They make a house a home, as someone once said about something else.

Probably.

Pets are good for cuddles, when they’re in the mood.

Sometimes they’re good for entertainment value

But those nutcases over at PETA want to stop all pets. Domesticated animals are very bad, according to the PETA nutcases.

Here’s a screenshot from those nutcases over at PETA:

Nutcases @ PETA

Nutcases @ PETA

Anyway.

Back to planet earth, not planet PETA.

We have four cats. And a horse. But this is all about the cats.

The cats occasionally bring some of their little friends home.

In recent weeks it’s been fleas.

But Sam’s all over that.

This morning, however, they brought another little friend home.

I wonder what those PETA nutcases would say about this sort of thing?

A friend of one of our kitties

A friend of one of our kitties

Blogathon 26/18

Continuing the everyday look at everyday objects through the camera lens…

The temple of doom.

Everyone who knows me, and I mean ‘who really, really, really,. really knows me’, knows how much I love hate shopping.

Actually, to be fair and open and honest and stuff, I don’t really mind the whole shopping ‘experience’, as we call it these days.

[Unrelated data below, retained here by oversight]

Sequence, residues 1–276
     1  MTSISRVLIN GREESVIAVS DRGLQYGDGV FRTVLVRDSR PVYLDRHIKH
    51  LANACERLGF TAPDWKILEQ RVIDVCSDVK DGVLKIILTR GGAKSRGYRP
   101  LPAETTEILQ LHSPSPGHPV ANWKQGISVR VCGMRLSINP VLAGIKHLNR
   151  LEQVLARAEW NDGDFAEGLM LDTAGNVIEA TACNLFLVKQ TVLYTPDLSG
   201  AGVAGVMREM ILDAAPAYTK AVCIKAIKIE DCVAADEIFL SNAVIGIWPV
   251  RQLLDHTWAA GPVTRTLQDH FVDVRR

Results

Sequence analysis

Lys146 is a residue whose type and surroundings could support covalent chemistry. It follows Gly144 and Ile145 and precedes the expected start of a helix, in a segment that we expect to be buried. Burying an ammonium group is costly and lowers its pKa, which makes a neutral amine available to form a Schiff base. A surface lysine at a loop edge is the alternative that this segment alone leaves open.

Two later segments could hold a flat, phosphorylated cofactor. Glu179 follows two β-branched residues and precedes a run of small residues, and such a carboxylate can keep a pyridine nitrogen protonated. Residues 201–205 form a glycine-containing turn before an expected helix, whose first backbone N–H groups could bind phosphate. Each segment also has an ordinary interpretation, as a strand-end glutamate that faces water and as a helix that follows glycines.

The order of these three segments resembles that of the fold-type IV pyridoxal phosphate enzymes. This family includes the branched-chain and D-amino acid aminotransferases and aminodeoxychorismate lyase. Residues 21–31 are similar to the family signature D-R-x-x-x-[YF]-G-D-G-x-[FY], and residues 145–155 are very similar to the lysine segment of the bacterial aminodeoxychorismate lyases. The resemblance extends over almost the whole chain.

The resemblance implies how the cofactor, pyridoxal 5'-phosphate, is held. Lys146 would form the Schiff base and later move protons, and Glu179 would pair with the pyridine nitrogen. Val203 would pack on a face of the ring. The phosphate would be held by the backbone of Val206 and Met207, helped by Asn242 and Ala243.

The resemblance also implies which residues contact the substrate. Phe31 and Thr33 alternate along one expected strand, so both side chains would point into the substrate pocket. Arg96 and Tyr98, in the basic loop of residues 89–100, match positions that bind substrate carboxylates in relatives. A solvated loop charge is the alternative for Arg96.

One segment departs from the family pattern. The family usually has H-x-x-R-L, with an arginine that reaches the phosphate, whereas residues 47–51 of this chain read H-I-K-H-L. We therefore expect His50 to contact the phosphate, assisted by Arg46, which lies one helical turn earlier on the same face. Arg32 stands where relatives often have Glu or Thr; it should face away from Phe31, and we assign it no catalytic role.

In the right place, at the right time, and under the correct set of circumstances, I tolerate shopping reasonably well.

Some might even say that, under those somewhat unusual circumstances, I borderline enjoy shopping.

If it’s done my way.

Obv.

My way is simple.

A list.

A rough idea of the layout of the store.

No people a very small number of people.

Which is why I like to go shopping when there’s nobody else around.

This evening we visited the Associated Dairies ‘supercentre’ place in West Bridgford.

It is a massive temple to the dog of consumerism, spread over 43 2 floors of open-plan-football-fieldness.

And yet, instead of the scene resembling one of Dante’s lesser-frequented circles of hell, the ‘shopping experience’ was relatively painless.

Almost, but not quite, enjoyable.

But certainly tolerable.

Why?

Almost empty

Almost empty

Blogathon 25/18

Continuing the everyday look at everyday objects through the camera lens…

Walkies!

Because the weather is so awesomely wonderful.

Because it’s Monday.

Because I’m stuck inside working.

I sneaked outside at lunchtime.

I walked off campus and along the canal towpath.

It was a glorious lunchtime walk.

I met a few people; a couple on a narrowboat and then, a couple of minutes later, another couple on a different narrowboat.

I loved the name of the first narrowboat.

And I wondered if it really was

The Kids Inheritance

The Kids Inheritance

Blogathon 24/18

Continuing the everyday look at everyday objects through the camera lens…

Changing gear.

Two weeks ago my NAS started to die.

One of the two storage drives packed up, but because it’s RAIDed (RAID0, to be precise) all the data was still secure and intact.

My immediate course of action was to backup the data to am external 3Tb HDD, and then switch the NAS off, to save wear and tear.

This weekend the NAS replacement programme kicked off.

This baby arrived:

Synology DS418

Synology DS418